Toyota eliminates 1.7 million pounds of hazardous waste

Tags: lean manufacturing

Toyota Motor Manufacturing Indiana Inc. (TMMI) has experienced many wonderful accomplishments. Starting in 1999, with 1,700 team members, TMMI began production of Tundra at its new automobile assembly plant south of Princeton, Ind. Sequoia, Toyota’s first full-size SUV, was added to TMMI’s production in 2000. TMMI completed construction of its second plant in 2002. TMMI’s “East Plant” began production of the Sienna minivan. During the first five years of production, TMMI's family grew to include more than 4,800 team members and a production of 370,000 vehicles per year.

Setting its sights on waste
TMMI's ISO 14001 Environmental Management System requires that all environmental aspects and their impacts be identified. TMMI then focuses its resources on those aspects with the largest opportunity for improvement.

Of the items identified, the two most significant sources of hazardous waste were from the following processes:
1. Purge Solvent;
2. Fuel Tank Primer.

Purge solvent is utilized in its painting operations to remove paint from paint application robots when switching from one paint color to another. The color change process consists of the following steps:
1. Initial paint cycle is completed;
2. Purge solvent and air flush the paint line;
3. Different paint color is loaded into the robot;
4. Next paint cycle is initiated.

The hazardous waste generated from the process is flammable and contains numerous solvents, including xylene and toluene. TMMI committed to reducing purge solvent waste from 6.60 pounds per vehicle to 4.95 pounds per vehicle.

Fuel tank primer is a paint-like coating utilized to protect steel fuel tanks from corrosion as well as debris that might strike the tank during vehicle operation. The fuel tank primer application process is relatively straightforward. First, the assembled fuel tank is brought, by overhead conveyor, into the fuel tank primer spray booth. Once inside the spray booth, the fuel tank primer robot coats the fuel tank. Finally, the fuel tank primer is cured in an oven.

Fuel tank primer waste is hazardous due to its use of barium as a corrosion inhibitor. TMMI's reduction goal was to reduce fuel tank primer waste from 1.28 pounds per vehicle to 0.96 pounds per vehicle.

Alternatives Considered
Purge Solvent: Reducing purge solvent usage and waste generation was determined to be as simple as reducing the number of purge solvent color change cycles. By working with Production Planning, TMMI was able to reorganize its production cycles to allow the grouping of like-colored vehicles.

However, there are limits to the number of vehicles that can be color grouped. First, paint technology limits the number of like-colored vehicles that can be color grouped to only three to five. The paint can actually begin to collect on the robot causing inconsistent spray patterns and reduced transfer efficiency. Second, the Toyota Production System requires that vehicles be produced, with their individual options, in the sequence they are ordered by our customers.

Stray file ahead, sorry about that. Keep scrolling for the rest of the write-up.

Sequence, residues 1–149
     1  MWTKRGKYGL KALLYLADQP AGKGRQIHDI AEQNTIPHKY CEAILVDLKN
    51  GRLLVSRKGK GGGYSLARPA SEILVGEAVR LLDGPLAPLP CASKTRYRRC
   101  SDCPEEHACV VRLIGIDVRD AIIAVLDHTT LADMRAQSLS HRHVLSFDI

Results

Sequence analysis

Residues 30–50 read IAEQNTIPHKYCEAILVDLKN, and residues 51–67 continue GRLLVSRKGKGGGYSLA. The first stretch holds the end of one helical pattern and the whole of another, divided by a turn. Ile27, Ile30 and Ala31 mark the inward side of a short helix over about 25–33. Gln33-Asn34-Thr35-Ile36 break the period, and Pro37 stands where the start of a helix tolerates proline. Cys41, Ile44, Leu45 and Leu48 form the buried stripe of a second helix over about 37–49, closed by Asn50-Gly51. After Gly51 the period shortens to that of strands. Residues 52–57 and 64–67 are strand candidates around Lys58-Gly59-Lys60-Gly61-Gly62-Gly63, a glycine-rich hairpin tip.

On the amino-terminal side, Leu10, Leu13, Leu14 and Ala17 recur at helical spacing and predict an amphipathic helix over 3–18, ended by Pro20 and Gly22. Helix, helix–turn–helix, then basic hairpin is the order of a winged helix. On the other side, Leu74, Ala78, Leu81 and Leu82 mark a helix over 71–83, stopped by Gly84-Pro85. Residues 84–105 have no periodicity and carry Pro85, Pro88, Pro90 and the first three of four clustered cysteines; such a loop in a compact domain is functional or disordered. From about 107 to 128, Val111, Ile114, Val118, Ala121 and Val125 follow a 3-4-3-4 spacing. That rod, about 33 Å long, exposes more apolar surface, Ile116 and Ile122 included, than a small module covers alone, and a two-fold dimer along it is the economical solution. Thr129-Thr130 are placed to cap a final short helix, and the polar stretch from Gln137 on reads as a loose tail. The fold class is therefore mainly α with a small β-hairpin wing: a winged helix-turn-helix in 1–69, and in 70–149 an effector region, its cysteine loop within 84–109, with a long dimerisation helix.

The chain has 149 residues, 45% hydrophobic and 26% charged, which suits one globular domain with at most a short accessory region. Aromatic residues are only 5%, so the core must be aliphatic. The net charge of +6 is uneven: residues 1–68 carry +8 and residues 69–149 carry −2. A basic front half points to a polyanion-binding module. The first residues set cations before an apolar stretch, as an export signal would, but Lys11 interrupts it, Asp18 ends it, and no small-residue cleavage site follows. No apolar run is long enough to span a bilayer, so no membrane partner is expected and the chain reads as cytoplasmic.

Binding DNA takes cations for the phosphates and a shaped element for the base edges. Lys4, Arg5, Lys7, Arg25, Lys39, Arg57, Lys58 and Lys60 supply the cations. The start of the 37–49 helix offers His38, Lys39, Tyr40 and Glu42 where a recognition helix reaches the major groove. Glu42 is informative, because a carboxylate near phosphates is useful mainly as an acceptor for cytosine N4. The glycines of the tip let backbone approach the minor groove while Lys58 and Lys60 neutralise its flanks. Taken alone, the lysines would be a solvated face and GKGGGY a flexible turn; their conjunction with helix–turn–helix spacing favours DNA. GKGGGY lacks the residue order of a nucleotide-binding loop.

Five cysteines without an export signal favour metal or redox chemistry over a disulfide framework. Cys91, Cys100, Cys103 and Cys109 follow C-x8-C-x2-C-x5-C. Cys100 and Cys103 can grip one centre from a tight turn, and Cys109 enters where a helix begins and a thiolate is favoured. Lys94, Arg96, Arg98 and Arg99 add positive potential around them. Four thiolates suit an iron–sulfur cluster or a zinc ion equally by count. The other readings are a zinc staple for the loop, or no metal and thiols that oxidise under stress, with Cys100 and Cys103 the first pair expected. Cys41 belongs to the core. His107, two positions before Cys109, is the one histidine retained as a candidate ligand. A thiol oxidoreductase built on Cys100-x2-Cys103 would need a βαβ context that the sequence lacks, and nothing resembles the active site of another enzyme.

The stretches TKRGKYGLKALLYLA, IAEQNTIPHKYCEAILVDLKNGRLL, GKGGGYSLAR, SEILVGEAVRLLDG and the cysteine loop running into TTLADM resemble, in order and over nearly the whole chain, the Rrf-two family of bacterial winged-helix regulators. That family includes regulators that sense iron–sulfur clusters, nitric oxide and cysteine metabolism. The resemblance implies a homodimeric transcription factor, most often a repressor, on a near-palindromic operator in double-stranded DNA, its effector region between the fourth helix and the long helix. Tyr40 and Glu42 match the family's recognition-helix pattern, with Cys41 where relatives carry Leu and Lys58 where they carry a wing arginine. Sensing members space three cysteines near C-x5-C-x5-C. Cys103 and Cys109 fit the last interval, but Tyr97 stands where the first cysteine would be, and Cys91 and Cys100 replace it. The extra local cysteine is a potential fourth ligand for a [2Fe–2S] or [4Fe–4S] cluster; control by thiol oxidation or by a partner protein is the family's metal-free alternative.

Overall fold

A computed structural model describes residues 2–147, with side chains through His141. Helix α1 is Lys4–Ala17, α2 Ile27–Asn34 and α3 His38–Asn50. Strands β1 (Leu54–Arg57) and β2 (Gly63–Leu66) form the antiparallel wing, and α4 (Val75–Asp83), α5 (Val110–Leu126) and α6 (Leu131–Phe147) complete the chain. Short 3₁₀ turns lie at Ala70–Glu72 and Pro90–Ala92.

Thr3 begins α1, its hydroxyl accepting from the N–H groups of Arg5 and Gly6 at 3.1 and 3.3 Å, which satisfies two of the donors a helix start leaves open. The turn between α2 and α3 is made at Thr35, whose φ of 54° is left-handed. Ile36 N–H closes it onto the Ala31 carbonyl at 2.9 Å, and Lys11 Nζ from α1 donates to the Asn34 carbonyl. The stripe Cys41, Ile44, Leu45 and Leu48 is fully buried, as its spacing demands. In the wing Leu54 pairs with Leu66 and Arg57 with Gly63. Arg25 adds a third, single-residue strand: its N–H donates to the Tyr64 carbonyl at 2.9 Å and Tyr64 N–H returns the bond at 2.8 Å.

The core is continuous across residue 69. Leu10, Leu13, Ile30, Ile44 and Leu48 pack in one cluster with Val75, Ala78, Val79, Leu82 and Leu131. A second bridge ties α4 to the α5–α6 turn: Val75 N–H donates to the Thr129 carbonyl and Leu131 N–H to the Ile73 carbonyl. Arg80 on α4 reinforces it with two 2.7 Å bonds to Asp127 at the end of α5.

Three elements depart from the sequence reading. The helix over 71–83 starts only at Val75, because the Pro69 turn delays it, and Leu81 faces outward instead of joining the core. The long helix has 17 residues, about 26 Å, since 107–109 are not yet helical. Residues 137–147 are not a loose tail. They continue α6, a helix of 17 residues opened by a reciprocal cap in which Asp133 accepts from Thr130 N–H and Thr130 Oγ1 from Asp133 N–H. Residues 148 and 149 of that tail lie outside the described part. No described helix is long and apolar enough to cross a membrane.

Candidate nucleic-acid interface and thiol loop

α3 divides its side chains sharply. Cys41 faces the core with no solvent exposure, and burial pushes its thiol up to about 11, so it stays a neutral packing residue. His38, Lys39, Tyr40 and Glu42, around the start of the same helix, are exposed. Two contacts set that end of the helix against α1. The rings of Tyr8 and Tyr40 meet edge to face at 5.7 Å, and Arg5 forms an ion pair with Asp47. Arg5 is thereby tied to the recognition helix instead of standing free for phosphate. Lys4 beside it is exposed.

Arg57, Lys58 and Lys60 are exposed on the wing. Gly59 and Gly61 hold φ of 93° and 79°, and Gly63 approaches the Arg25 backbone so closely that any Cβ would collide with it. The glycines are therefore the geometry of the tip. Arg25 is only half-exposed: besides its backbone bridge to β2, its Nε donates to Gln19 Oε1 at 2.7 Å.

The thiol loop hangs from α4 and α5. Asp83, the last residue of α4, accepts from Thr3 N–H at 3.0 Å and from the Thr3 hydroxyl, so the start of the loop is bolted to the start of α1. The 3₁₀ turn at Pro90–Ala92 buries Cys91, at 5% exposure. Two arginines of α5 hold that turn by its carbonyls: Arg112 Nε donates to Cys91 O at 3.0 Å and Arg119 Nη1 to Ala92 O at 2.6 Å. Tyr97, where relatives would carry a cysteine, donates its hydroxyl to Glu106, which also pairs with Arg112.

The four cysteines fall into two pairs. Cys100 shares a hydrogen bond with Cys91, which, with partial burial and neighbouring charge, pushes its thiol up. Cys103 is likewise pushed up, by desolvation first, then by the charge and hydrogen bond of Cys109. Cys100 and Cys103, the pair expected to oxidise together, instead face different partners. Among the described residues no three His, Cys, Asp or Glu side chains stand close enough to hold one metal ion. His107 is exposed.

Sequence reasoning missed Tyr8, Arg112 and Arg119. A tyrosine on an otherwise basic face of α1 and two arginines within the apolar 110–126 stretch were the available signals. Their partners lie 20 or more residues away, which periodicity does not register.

Toyota Motor Corporation (TMC), Toyota Technical Center (TTC) and Toyota Motor Manufacturing North America (TMMNA) paint engineering groups developed an ingenious solution to the purge solvent usage/production flexibility problem: cartridge painting. Cartridge painting greatly reduces purge solvent usage. The new system consists of paint robots as before, but color changes are accomplished by simply changing paint cartridges. This cartridge painting system was one of the new environmental technologies being utilized in TMMI’s newly constructed East Plant.

Fuel Tank Primer: First, TMMI explored utilizing fuel tank primers that did not utilize barium. Unfortunately, the barium-free materials were not capable of meeting TMMI's quality standards.

After the disappointing results from the barium-free fuel tank primer trials, TMMI changed its focus to utilizing plastic fuel tanks. Of course, plastic fuel tanks do not require protective coatings to prevent corrosion. By partnering with its suppliers, TTC and TMMI were able to develop plastic fuel tanks suitable for use on trucks and sport utility vehicles.

Hurdles Faced
The greatest hurdle faced with both projects was to maintain product quality during the environmental improvement activities. Each of the hazardous waste reduction activities required production processes to be modified. New equipment and technologies were also developed throughout each of the projects. TMMI's engineering and production team members worked to ensure that TMMI was able to meet customer needs while reducing impact on the environment.

Waste MinimizationResults
TMMI reduced purge solvent waste from 6.60 pounds per vehicle to 3.03 pounds per vehicle. This is an annual reduction of more than 1.3 million pounds of hazardous waste.

TMMI was able to eliminate the fuel tank primer process. The result is a 400,000-pound-per-year reduction in barium containing hazardous waste.

Lessons Learned
Environmental performance is key to success in the 21st century. Energy usage, waste generation and air emissions are wonderful indicators of overall process efficiency. TMMI has found that essentially all environmental improvement activities result in significant cost reductions.